This first Hamilton was a genteel landmark at the end of the 19th century, noted for the easy leather chairs in its lobby and the sophistication of its residents. Many members of Congress stayed there and thus it was reportedly the “scene of much political gossip.” In 1907 the hotel was sold to its long-time manager, Irving O. Ball, for $125,000. The neighborhood at that time was a growing center of social life and commerce.
Plans were announced in 1911 to raze the hotel and replace it with a new eight-story edifice, to be designed by Appleton P. Clark. However, such a building was never constructed. Instead, it would be another eleven years before the 1877 building was razed and replaced.
The current eleven-story, 400-room Hamilton Hotel was designed by noted Washington architect Jules Henri de Sibour, and opened in December 1922. The Indiana limestone-faced structure features late 18th century “neoclassical” design elements, such as the distinctive arched stained glass window over the main entrance. The building was designed so that every room has an outside window, to ensure ample light and air. Furnishings were all custom-made as directed by de Sibour. According to an article in the Washington Post, “months were devoted to selection of the furniture, and china, silverware, table and bed linens were all especially designed and manufactured for the hotel.” In keeping with the high style and reputation that was sought for the building, its manager and top chef were brought in from the Plaza Hotel in New York. The attention to style worked, and the hotel enjoyed great popularity throughout the 1920s, 1930s, and 1940s. An air conditioning system—remarkable for the time—was installed in July 1935. The hotel hosted one of Franklin Delano Roosevelt’s inaugural balls and was a favorite spot for Union officials ever since William Green, head of the American Federation of Labor, lived there in 1930. Hollywood’s singing cowboy Gene Autry performed with his horse, Champion, in the hotel’s Rainbow Room.
Through the years, the building’s ownership changed hands numerous times. Reported to cost $1.5 million to build, the building was purchased by Maddux, Marshall, Moss & Mallory, Inc., in May 1927 from the Chesapeake Hotel Corporation at a price “understood to have been in the neighborhood of $3,000.000.” The new owners had grand plans for the building, including constructing a new ballroom in the basement. Along with the Ambassador Hotel on the opposite corner and the Tower Building adjacent to it, the Hamilton formed part of an intersection valued at $10 million in 1929, a remarkable sum. However, the property did not hold its value well. Its assessed value fell back to $1.4 million in March of 1932, in the depths of the Great Depression. It was sold at auction at that time for just $529,000.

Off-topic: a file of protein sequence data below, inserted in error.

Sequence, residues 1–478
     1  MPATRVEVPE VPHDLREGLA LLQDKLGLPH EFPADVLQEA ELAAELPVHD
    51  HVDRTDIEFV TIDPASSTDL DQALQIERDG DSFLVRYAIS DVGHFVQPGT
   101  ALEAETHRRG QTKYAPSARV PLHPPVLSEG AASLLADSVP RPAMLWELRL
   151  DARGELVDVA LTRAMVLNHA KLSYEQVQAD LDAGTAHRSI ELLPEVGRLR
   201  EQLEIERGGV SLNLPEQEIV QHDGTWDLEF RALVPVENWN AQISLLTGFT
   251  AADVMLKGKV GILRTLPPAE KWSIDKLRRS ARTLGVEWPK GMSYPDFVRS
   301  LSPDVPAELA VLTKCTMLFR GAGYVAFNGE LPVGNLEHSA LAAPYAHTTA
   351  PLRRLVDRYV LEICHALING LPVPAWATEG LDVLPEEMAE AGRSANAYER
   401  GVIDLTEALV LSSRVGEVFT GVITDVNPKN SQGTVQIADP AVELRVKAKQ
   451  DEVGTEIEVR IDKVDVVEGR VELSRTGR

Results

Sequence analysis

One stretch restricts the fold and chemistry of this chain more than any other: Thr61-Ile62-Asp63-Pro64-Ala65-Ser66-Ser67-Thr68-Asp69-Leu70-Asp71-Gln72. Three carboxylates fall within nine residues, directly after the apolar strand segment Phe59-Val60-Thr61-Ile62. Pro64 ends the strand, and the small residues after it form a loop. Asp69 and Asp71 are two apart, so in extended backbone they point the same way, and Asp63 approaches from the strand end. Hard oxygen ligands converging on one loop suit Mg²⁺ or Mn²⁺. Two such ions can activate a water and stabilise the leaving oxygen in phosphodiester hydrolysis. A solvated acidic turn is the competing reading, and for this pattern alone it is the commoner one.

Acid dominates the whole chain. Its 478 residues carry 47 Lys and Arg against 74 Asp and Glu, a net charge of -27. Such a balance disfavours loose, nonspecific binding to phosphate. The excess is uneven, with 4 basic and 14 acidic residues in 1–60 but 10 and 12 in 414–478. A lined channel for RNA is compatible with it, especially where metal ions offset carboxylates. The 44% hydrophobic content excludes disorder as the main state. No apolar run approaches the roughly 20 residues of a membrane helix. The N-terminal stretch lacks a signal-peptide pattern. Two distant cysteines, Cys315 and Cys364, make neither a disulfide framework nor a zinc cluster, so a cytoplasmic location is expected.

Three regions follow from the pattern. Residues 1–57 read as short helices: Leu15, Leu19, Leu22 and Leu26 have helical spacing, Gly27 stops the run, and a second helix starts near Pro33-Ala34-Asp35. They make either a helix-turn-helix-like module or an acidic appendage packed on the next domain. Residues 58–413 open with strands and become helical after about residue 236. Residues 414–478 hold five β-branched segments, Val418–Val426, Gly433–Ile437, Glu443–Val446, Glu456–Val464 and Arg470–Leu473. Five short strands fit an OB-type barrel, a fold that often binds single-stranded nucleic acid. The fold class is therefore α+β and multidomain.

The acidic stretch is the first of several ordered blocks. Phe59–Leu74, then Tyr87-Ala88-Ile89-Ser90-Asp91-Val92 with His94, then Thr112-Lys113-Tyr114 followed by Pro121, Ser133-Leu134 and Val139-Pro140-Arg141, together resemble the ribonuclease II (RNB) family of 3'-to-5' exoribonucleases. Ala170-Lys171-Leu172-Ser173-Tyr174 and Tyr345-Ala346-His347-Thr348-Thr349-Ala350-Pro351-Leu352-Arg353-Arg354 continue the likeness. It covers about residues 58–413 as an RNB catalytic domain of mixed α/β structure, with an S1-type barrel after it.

The hotel, along with the Annapolis Hotel, was sold to the Manger Hotel chain in 1950. As the surrounding area declined in the 1950s and 1960s, the Hamilton also suffered. No longer a posh destination, it became a “middle income” hotel, catering to tourists and businessmen. The elegant Rainbow Room became the Purple Tree cocktail lounge. In the 1960s, adult bookstores, strip joints and X-rated theaters began to fill 14th Street, which in earlier decades had been a fashionable entertainment district. Prostitutes worked Franklin Square, no longer a safe place to stroll and enjoy the scenery.
|The Purple Tree Lounge|
In 1972, with a reported occupancy rate of only about 50 percent, Manger closed the floundering hotel and sold it for $1.2 million to the Salvation Army, which then used it for several years as its Evangeline Hotel for women, which had previously been operated around the corner on L Street in the former Dewey Hotel building. The dicey location, as well as a rule that men were not allowed above the lobby floor, kept the hotel from ever being financially successful in this capacity, and it closed in 1977. The following year the building was sold again, this time to be renovated and converted into commercial office and retail space.
|The Hamilton in the 1960s.|
Today the hotel operates as the Hamilton Crowne Plaza, a luxury boutique hotel and one of the National Trust for Historic Preservation’s “Historic Hotels of America.” In November 2012, it was designated an historic landmark by the D.C. Historic Preservation Review Board.
|The Hamilton as it appears today (photo by the author).|